There are also many important questions that need to be sorted out, including whether hearings can be recorded, edited and reproduced; and what are the implications of having an audience of unknown size and unknown participants, he said.

Even as social distancing policies ease, many courts remain committed to virtual proceedings for the foreseeable future, according to a recent update in the Canadian Lawyer magazine.

“Some in the legal sector think that the forced virus shutdown of the court system will lead to significant long-term changes in how courts operate because lawyers, judges and administrators have been compelled to try new approaches, some of which might stick,” Klippenstein wrote in an email. “But others are not so sure.”





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Trump immigration ban to last 60 days, target those seeking permanent residency



U.S. President Donald Trump gestures as he answers a question during the daily coronavirus task force briefing at the White House in Washington, U.S., April 21, 2020. REUTERS/Jonathan Ernst

April 21, 2020

By Jeff Mason, Steve Holland and Ted Hesson

WASHINGTON (Reuters) – President Donald Trump said on Tuesday his new U.S. immigration ban would last for 60 days and apply to those seeking “green cards” for permanent residency in an effort to protect Americans seeking to regain jobs lost because of the coronavirus.

Trump plans to institute the ban through an executive order, which he said he was likely to sign on Wednesday. He said it would not apply to individuals entering the United States on a temporary basis and would be re-evaluated once the 60-day period had passed.

“It would be wrong and unjust for Americans laid off by the virus to be replaced with new immigrant labor flown in from abroad. We must first take care of the American worker,” Trump told reporters at the White House. He said there would be some exemptions in the order and he could renew it for another 60 days or even longer.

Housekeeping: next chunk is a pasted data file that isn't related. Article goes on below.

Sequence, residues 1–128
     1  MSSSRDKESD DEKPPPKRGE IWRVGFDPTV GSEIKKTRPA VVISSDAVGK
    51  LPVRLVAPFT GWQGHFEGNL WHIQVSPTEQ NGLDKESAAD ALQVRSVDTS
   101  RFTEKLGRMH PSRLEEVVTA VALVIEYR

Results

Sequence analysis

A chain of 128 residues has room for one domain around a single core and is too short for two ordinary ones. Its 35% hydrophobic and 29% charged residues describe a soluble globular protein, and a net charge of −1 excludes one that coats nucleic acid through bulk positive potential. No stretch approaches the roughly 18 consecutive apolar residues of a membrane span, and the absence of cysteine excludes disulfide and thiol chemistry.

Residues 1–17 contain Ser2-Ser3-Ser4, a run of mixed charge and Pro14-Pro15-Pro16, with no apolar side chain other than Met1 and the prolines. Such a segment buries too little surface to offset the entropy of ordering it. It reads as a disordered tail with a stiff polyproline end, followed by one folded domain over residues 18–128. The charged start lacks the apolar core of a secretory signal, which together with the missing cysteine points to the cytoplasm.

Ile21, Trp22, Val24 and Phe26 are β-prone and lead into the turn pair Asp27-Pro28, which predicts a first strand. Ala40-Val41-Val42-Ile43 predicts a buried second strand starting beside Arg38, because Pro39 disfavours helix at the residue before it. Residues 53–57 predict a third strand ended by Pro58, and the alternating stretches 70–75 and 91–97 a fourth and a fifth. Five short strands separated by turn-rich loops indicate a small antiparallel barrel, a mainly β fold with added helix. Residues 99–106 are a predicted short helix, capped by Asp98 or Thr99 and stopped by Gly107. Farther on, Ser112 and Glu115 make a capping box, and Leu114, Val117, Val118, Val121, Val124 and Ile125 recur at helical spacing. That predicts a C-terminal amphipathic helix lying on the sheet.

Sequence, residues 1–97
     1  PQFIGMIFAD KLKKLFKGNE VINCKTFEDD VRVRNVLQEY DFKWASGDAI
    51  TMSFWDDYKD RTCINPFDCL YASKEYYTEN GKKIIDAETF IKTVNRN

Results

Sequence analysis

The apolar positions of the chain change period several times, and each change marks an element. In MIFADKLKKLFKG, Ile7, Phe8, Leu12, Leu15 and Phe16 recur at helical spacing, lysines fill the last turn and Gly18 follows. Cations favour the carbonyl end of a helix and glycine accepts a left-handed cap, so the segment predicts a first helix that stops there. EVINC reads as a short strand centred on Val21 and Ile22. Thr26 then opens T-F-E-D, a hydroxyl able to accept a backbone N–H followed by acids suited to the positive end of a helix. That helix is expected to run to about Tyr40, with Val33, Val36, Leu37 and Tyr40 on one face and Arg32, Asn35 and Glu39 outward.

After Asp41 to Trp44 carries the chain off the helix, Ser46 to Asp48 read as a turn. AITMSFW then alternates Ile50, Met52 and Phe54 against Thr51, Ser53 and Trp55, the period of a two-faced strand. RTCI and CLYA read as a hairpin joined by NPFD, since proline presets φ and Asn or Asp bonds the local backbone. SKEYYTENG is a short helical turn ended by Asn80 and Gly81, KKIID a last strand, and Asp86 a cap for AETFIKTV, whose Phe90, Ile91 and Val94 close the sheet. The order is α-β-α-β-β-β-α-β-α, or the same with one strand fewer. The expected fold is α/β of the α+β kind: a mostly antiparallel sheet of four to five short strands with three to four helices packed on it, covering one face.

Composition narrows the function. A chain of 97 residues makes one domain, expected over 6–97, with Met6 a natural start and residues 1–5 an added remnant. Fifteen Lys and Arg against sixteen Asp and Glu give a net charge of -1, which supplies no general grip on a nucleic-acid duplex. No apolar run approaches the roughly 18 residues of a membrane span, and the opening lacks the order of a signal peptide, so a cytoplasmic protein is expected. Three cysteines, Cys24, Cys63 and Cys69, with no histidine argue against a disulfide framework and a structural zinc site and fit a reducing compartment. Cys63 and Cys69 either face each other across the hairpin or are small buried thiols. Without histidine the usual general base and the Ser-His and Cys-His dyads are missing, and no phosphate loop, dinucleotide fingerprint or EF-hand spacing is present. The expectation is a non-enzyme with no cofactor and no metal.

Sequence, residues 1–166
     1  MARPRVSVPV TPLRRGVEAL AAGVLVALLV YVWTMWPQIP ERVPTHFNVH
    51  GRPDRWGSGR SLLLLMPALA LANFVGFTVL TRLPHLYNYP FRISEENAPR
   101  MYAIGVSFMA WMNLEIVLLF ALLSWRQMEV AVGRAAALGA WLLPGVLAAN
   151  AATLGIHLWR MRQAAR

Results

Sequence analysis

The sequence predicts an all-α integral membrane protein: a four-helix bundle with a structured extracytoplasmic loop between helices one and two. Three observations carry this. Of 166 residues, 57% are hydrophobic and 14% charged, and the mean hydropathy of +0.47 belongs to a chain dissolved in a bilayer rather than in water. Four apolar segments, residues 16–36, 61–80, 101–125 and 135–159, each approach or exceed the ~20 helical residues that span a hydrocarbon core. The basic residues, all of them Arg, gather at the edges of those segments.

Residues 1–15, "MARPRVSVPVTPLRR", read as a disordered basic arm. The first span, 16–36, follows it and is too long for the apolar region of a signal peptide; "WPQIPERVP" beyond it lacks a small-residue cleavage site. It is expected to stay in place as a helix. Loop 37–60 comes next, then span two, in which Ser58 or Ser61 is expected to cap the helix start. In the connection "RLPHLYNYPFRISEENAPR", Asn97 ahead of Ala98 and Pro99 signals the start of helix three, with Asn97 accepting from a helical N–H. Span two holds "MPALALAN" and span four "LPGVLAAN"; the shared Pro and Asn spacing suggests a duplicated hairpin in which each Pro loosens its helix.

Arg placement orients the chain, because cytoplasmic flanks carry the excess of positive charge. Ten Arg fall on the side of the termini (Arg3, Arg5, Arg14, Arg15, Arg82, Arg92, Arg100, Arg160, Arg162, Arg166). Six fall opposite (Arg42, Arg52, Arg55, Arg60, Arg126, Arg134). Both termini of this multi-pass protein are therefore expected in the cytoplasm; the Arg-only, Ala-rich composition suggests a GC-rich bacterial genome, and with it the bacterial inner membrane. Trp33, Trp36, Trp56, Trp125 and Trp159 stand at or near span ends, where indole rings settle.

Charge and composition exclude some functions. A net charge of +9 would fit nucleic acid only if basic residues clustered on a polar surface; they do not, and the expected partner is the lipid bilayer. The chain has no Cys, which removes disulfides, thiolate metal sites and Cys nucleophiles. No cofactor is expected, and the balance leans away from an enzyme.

The president won the White House in 2016 in part on a promise to crack down on immigration. Critics saw his announcement as a move to take advantage of a crisis to implement a long-sought policy goal.

The order could spark legal action.

A senior administration official said the administration was looking at a separate action to cover others affected by U.S. immigration policy, including those on so-called H-1B visas.

The order would include exemptions for people involved in responding to the coronavirus outbreak, including farm workers and those helping to secure U.S. food supplies, he said.

The official said as the country begins to open up its economy, immigration flows were expected to increase, and the administration wanted to ensure that employers hire back fired workers rather than giving jobs to immigrants at lower wages.

Trump confirmed that a secondary order was under consideration for a separate time.

The U.S. Department of State issued roughly 462,000 immigrant visas in fiscal year 2019, which began on Oct. 1, 2018. The visas allow an immigrant to obtain lawful permanent resident status, informally known as a green card. The status allows a person to live and work in the United States and apply for citizenship after a five-year period.